Plan 75 and euthanasia – On the right to die forced euthanasia

The President of the French Republic deemed it urgent to rework the Leonetti law relating to the rights of patients and the end of life. A Japanese movie, Map 75 (September 2022), glimpses the drives to which the best intentions in the world can lead

Adopted unanimously in April 2005 by the National Assembly, the law of deputy and doctor Jean Leonetti proscribed “unreasonable obstinacy” of the medical profession and “artificial prolongation of life” of the patient; it authorizes the cessation of a treatment on collegial opinion, if this treatment falls within the “unreasonable obstinacy” ; it imposes respect for the wishes of the patient with regard to the cessation of treatment.

In 2016, the Leonetti-Clayes law marginally modified these provisions so that people at the end of their lives can die as peacefully as possible, and to date, French society has come to terms with these provisions. If they are still poorly applied, this has nothing to do with the law but is a matter of the collapse of the health system, a political issue of another magnitude.

For a progressive fringe of the political class, however, it is important to go much further towards the “right to die” and therefore the authorization given to doctors to administer lethal treatment to whomever so wishes.

Make room for young people

Map 75 (September 2022)This claim hides the fear of a society crushed by the burden of its old people. The Japanese scenario writer Chie Hayakawa fears that it does not lead by successive stages to the unacknowledged temptation to release resources for the healthy fraction of the population.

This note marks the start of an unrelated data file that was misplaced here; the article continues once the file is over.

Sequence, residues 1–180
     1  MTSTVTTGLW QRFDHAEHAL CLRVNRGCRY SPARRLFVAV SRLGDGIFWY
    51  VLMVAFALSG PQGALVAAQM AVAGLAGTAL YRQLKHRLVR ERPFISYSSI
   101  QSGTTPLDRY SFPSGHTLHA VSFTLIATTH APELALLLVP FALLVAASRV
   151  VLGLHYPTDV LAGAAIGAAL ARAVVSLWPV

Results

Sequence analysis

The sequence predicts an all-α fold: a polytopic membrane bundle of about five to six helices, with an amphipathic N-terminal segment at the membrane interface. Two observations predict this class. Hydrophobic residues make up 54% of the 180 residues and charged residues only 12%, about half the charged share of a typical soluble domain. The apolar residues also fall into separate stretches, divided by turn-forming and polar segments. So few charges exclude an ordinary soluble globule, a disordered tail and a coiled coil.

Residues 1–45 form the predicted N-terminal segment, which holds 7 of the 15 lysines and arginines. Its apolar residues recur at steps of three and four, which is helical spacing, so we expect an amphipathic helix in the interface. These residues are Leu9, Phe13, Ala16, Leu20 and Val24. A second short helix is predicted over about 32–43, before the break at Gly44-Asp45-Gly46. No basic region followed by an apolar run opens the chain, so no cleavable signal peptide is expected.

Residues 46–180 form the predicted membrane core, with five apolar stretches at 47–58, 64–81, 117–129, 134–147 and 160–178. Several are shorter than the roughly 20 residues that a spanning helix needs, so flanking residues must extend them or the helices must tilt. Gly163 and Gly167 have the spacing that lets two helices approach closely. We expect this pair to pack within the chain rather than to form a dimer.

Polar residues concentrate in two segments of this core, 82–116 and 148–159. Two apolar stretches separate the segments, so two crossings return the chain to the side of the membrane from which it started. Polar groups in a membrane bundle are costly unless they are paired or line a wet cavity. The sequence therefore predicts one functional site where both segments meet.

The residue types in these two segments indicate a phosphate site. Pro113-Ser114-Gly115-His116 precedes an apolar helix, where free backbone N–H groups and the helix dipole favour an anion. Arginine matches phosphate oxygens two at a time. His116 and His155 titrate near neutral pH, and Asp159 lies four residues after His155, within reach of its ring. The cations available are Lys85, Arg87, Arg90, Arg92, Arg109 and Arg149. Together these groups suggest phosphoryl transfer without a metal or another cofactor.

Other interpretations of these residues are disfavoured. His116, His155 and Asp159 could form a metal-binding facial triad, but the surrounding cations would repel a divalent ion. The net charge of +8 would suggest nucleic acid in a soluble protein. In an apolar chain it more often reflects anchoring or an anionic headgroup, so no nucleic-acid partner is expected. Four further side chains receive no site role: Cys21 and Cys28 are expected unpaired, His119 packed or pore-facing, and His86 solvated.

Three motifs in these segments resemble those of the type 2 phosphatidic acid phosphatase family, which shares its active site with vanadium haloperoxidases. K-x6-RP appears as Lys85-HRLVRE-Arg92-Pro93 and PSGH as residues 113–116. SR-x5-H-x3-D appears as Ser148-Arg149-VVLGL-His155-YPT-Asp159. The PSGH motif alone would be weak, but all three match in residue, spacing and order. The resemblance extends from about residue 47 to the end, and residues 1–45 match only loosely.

It echoes it in a luminous film, all in finesse, softness and emotion, without an ounce of violence. All the characters of Map 75 are pleasant but they do not participate less in a chilling device.

The idea for the film would have started from a news item: the assassination in 2016 of several old people in a retirement home by a serial killer.

In fact, Japan having outstripped all the other countries in the demographic transition, it now has the highest percentage of elderly people in the world (29% over 65) and young working people are deprived of increasing share of the fruits of their labor for the benefit of their elders, hence the despair of some of them.

The government therefore votes “right to euthanasia” for people over 75. A zealous administration is set up to welcome and process applicants. A bonus of 100,000 yen is offered to them so that they treat themselves to a few treats before the big leap (this is less than the monthly salary of a nursing assistant).

Published or Updated on: 2022-10-12 11:56:57

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Plan 75 and euthanasia – On the right to die forced euthanasia